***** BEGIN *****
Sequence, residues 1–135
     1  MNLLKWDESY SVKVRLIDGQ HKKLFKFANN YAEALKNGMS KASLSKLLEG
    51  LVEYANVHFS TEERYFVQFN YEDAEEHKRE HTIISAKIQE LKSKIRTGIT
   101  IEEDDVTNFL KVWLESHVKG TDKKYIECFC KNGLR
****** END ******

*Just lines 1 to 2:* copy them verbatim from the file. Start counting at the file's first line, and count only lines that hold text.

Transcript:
Sequence, residues 1–135
     1  MNLLKWDESY SVKVRLIDGQ HKKLFKFANN YAEALKNGMS KASLSKLLEG